A Modest Proposal: JAMA calls for removing obese children from their homes

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Should a child s morbid obesity be classified as abuse and neglect on the part of the parents, and thus grounds for state interventions like moving a child to foster care? According to the authors of a commentary in the Journal of the American Medical Association (JAMA), the answer is yes. Harvard School of Public Health s Dr. Lindsey Murtagh and Dr. David S. Ludwig believe that child protective service interventions may be the only realistic way to control harmful behaviors that lead to morbid obesity in children (who are classified as having a body-mass index in the 99th percentile).

The doctors assert that, while removing a child from the home in such cases would rarely be necessary, state interventions can provide families with services such as in-home social supports, parenting training, counseling, and financial assistance that may address underlying problems without resorting to removal from the home or to the clinical side effects of medical procedures such as bariatric surgery. Toward the end of their article, however, they acknowledge that state interventions would clearly not be desirable or practical, and probably not be legally justifiable in the majority of cases of the approximately two million morbidly obese U.S. children. For instance, many may have unknown genetic risk factors for obesity that certainly could not constitute abuse or neglect on the part of a parent.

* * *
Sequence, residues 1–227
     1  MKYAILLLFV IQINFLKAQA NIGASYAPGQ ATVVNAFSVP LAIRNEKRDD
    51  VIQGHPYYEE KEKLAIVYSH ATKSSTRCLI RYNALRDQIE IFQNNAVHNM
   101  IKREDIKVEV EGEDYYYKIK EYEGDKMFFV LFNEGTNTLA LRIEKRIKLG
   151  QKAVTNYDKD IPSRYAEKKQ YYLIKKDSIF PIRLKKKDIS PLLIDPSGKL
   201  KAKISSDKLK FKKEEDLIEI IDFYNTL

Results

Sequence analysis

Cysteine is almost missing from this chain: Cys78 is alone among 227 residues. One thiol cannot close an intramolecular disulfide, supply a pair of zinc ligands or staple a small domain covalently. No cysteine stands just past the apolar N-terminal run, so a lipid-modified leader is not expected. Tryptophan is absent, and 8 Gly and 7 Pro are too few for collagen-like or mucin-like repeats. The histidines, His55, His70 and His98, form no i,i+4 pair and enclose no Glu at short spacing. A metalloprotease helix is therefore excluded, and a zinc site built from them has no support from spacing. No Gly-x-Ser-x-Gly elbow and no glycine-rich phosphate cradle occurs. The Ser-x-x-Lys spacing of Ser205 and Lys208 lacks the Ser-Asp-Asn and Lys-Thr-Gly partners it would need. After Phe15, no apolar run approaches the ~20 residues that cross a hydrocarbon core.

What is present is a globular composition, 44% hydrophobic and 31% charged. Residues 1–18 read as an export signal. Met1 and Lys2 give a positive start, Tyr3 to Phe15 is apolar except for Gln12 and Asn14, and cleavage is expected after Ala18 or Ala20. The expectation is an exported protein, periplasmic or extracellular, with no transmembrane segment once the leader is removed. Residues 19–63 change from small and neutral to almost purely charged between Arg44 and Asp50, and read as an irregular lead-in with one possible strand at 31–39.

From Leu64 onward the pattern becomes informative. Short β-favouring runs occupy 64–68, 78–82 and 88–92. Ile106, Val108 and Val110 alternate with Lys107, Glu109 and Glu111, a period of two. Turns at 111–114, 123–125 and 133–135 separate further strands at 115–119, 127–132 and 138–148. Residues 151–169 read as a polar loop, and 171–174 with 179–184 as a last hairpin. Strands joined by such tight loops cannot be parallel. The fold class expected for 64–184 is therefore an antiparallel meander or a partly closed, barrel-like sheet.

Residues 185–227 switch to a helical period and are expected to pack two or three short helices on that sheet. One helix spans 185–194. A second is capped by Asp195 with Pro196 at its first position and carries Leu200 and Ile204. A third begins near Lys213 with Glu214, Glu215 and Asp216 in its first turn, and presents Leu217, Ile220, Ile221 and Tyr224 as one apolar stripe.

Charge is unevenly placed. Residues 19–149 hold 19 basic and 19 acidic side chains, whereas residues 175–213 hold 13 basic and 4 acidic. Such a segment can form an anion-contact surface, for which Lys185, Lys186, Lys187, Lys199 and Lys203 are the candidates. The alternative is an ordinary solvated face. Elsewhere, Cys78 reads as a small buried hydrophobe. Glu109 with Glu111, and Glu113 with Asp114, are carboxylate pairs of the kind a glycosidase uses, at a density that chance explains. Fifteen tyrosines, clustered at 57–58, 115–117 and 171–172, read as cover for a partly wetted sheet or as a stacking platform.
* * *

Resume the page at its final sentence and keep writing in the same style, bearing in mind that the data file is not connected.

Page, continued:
ACSH's Dr. Gilbert Ross finds the article to be quite disturbing. To equate obesity with parental abuse and neglect seems extreme to me, he says. Child protective services is already authorized to remove children from the home if they perceive parental abuse sufficient to rise to a health-threatening situation. To add the morbid obesity issue doesn t really add anything new to these authorities mission ensuring that children are provided with a safe and healthy home. I am deeply disappointed in the authors and JAMA for publishing this scary claptrap.

ACSH s Dr. Josh Bloom agrees. So the government is going to take very obese kids away from their parents and put them in foster homes? Then you ll have unhappy, very obese kids being cared for by families who are equally unprepared to care for these kids dietary and behavioral needs, and who are also strangers. This is a terrible idea," he says. "Especially considering that there is a very strong genetic component to obesity, in which case there isn t even anyone to blame. This is not the same as removing a child who is being starved at home.